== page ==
I recently completed the “Microsoft Professional Program Data Science” certification that cumulated with a Capstone project in the form of a competition to predict the Prevalence of Undernourishment, aka PoU.
I am happy to have finished in 5th position out of 441 participants, and this post is a summary of what I learnt during the competition.
The competition format was standard. The mission was to predict the PoU of a dataset without knowing the actual PoU. You get training data (features and the PoU value) to train a prediction model. Your score is determined by the Root Mean Squared Error (RMSE) of your predicted values vs the actual values. Lowest score wins.
If you are after the details and my code, you can find it at PoU DAT102x 201810, a GitHub repo.
My insights from this competition are:
- It is easy to see why Python, Pandas, SciKit Learn, and Jupyter are so popular for Data Science. It is a fully functional ecosystem with a simple yet compelling feature set.
- Getting to a prediction model is easy; getting to a good prediction model is difficult. It took me two weeks of toil to get from the middle of the pack to the top tier.
- My first breakthrough came after deciding to replace missing data with a linear regression estimate by country, rather than merely deleting or substituting with mean or median.
- The adage that 80% of Data Science is in the feature preparation was entirely right in my case. This relatively simple change improved my RMSE to below ten, which was still way behind the leaders though. From a conversation with a fellow competitor post-completion, it turns out this it isn’t apparent that whatever changes you make here also needs to be made to the test data.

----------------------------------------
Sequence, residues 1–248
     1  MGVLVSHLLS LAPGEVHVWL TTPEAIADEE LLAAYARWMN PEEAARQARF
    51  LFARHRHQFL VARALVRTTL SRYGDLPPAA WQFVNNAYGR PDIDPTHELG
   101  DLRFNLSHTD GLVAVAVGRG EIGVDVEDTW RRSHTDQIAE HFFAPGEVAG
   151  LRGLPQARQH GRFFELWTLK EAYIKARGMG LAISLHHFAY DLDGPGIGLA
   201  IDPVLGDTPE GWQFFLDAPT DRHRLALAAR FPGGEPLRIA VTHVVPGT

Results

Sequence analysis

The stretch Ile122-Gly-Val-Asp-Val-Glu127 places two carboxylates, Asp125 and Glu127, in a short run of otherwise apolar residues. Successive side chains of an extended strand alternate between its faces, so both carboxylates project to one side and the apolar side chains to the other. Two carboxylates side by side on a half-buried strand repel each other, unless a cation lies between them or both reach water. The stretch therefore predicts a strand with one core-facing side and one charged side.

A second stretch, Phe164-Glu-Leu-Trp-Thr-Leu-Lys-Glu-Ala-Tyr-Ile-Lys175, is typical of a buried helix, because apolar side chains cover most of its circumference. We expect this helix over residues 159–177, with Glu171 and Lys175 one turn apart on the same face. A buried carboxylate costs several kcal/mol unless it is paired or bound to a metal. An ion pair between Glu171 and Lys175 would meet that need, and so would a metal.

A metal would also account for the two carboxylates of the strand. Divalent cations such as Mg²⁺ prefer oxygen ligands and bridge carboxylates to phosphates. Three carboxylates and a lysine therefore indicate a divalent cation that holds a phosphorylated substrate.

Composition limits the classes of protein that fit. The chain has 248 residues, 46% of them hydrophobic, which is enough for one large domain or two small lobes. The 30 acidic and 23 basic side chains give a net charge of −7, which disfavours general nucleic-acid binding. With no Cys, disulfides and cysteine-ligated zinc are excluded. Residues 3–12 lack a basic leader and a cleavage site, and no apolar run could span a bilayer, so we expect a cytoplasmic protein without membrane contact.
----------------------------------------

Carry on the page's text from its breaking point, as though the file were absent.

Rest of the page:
- The second breakthrough came when I realised that stratifying by country when selecting training data was wrong. Removing this step brought my score to 7.7688
- AzureML is excellent for building and testing models. It is less suitable for data visualisation, though. I found that performing data exploration and cleansing much easier using Python and then using AzureML for the modelling. One big drawback of AzureML is that, at the time of writing this, the ability to see the model parameters was limited.
The GitHub repo contains the full details if you want to continue reading.